The next morning it was clear the excitement of the on demand funeral had been a bit too much for them all, because everyone overslept. Even Alistair who had inadvertently spent much of the evening out in the rain, having studiously ignored calls to come in from the pretelevision stroll and wee session. Audrey had intended to make an early start back to town and woke with alarm to hear Deirdre banging an ancient tin drum in the hall outside her door, and calling them all to breakfast. Her parents had wisely removed their hearing aids the evening before, but for Audrey the wake up call crashed into a particularly harrowing dream about a cascade of tomato soup tins falling on her as she perused the canned goods in Asda. “Dear, dear, Deirdre please do stop, I’m awake. I’m getting up. Let them sleep”. Deirdre ignored her and tried for a bit of rhythm with the ladle she was wielding, going from the rim to the sides of the drum and back to the middle. It wasn’t long before she dealt herself a sharp blow across her fingers and dropped the drum and ladle, and started crying pathetically, dramatically kicking the drum until it bounced away down the stairs landing close to the kitchen in the perfect spot for someone to trip over it later.
Deidre made herself small, and whimpering and crouched on the floor of the mostly lightless hall, managing to conceal herself almost completely. Coming out of her room, wrestling ineffectually with her dressing gown and slippers determined to get themselves onto the wrong feet, Audrey stumbled over the hunched form and barely managed to catch a stray frond of artificial pot plant in an effort to rebalance. Not having much weight the fake plant flew with her into the banister before going solo to follow the drum down the stairs. The pot plant lacked the weight and bounce of the drum, so it landed lightly at the foot of the stairs on the aging Labrador. He in terror, regained youth’s long forgotten nimbleness just long enough to gurgle a yelp and scrabble a few precious inches along the floor to where the plant had landed, its plastic leaves within chewing range. Such was his age Bertie’s chewing days were long behind him. Instead he mashed his head down onto a new makeshift if slightly spikey pillow. “Sorry” Deirdre mumbled, nursing her bruised hand and then squeezing at it to see if there was blood. There wasn’t. Audrey, having regained her balance if not her poise, reached down to help Deirdre up. Thus began a fateful day.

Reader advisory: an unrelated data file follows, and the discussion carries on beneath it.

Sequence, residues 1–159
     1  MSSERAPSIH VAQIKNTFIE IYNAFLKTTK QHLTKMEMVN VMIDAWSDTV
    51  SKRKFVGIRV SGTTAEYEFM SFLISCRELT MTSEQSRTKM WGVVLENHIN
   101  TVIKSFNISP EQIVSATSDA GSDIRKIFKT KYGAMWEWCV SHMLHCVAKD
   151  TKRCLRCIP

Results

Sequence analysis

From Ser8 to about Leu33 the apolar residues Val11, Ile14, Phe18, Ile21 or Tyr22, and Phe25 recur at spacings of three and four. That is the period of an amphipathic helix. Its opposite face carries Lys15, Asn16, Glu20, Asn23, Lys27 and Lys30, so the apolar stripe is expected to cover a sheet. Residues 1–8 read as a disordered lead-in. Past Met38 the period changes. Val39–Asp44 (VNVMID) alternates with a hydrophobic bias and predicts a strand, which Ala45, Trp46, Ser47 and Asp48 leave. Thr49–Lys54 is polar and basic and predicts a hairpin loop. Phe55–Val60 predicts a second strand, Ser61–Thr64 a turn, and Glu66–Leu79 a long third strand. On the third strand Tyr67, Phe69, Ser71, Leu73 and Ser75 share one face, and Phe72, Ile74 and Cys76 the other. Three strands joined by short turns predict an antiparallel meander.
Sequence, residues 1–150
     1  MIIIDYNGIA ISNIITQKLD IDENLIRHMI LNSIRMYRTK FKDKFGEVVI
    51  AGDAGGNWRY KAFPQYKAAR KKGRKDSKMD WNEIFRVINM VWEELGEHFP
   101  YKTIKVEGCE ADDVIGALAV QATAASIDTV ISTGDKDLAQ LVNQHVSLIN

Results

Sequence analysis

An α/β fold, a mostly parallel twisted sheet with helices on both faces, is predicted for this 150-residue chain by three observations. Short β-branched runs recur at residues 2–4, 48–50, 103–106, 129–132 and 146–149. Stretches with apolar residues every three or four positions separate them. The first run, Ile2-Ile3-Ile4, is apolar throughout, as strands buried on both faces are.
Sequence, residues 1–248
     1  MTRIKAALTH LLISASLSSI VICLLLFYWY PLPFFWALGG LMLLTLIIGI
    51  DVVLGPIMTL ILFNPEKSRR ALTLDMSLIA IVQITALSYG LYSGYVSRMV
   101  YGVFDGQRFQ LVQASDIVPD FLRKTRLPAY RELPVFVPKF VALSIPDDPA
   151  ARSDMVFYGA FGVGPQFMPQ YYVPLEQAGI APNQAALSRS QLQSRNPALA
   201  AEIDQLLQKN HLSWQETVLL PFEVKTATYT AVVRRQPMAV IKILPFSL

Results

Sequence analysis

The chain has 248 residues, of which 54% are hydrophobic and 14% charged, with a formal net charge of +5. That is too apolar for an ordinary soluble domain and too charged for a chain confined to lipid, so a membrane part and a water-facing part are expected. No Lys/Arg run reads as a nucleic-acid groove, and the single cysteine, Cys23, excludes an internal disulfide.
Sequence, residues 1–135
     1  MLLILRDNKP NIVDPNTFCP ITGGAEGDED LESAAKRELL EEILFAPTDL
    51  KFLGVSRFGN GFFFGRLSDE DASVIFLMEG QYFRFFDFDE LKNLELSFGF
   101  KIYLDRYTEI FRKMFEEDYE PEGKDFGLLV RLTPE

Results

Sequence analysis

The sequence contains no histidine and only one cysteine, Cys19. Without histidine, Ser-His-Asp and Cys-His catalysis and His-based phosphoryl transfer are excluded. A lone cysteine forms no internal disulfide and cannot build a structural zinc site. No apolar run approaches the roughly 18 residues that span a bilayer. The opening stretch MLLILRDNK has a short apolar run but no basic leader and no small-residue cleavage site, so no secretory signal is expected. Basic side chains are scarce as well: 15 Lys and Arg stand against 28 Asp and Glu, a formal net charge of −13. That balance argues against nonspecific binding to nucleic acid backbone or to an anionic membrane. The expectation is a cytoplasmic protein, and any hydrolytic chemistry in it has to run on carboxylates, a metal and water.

It wasn’t until midafternoon that the morning’s dramas had settled and the usual routine of a Sunday at Turzel House reasserted itself, minus lunch. By the time Stephen and Margaret were roused and Deirdre had lovingly dressed them according to the ingrained and ancient pattern, it was noon. And by the time a complex breakfast involving reheated fish pie, baked beans and cakes was consumed and cleared away, and after Deirdre had sung her new favourite song for them, it was late in the afternoon. Her departure imminent and a familiar very hot bath fantasy shimmering at the back of her mind, Audrey was in good spirits. They were generous and kind spirits, spirits of magnanimous generosity, but the spirits were unaware that the delicious hot bath, with its scented candles, warm towels and chilled Chardonnay would be postponed for quite some time.